Skip to content
    This content is selected and controlled by WebMD's editorial staff and is brought to you by Walgreens.


    When you slouch, your body mass shifts forward. That’s bad for your knees, so make posture a priority.

    The idea is to make your core -- especially your abs and back -- strong.  Keep them engaged and you’ll stand taller.

    Don’t know how to plank? It may be hard at first, but it gets easier with practice.

    • Get down on your hands and knees.
    • Extend your legs behind you with your toes on the ground and your heels in the air as if you were doing a push-up.
    • It’s OK to put your knees on the ground if you need to modify the pose.
    • Rest your upper body on your hands or your forearms.
    • Try to hold the pose for 10 seconds if you’ve never done one before. When that becomes easy, hold it a little longer.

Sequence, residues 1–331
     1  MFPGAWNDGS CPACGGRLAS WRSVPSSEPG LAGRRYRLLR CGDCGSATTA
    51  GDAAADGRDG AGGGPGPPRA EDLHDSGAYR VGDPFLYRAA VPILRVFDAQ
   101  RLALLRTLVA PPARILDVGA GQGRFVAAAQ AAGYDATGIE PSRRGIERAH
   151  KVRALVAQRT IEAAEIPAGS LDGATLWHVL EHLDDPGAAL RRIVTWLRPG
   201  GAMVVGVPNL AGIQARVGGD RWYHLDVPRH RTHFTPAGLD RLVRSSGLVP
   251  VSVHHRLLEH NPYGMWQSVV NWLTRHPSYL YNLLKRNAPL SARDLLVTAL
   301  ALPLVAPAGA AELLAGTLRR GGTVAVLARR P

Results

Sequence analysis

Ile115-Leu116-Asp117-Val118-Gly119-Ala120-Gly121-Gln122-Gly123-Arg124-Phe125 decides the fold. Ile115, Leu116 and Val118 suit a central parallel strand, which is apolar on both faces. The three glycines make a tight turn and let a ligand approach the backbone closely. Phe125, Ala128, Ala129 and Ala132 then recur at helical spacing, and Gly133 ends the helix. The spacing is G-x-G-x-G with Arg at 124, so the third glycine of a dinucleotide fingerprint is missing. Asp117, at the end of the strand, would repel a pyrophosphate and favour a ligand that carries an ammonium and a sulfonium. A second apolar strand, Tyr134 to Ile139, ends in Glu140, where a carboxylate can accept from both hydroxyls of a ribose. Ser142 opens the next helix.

5. Try Tai Chi

    This traditional Chinese exercise improves your balance, strength, and flexibility. It’s a good choice for people with conditions such as knee pain caused by osteoarthritis.

    In one study, people who practiced Tai Chi twice a week had less knee pain after 12 weeks. Some even felt good enough to stop taking pain medication. 

    6.  Heat Things Up or Cool Them Down

    A heating pad or warm shower can loosen up a stiff joint and the achy muscles around it first thing in the morning.

    Ice soothes a knee that feels sore and helps fight post-workout or post-rehab inflammation. 

    "When people ask me whether they should use ice or heat, I usually answer 'yes,'" says Tracy Ray, MD, associate professor of family medicine and orthopaedic surgery at Duke University School of Medicine. He says you should choose the one -- heat or cold -- that feels best to you or switch back and forth between them.

    7.  Walk It Off

    When you're in pain, you might want to sit still. But it’s best to move as much as possible.

    To ease the pain, stay active to help strengthen the muscles that support your knees.

    One study showed that people with osteoarthritis who walked at least 6,000 steps a day were less likely to have movement trouble even after two years.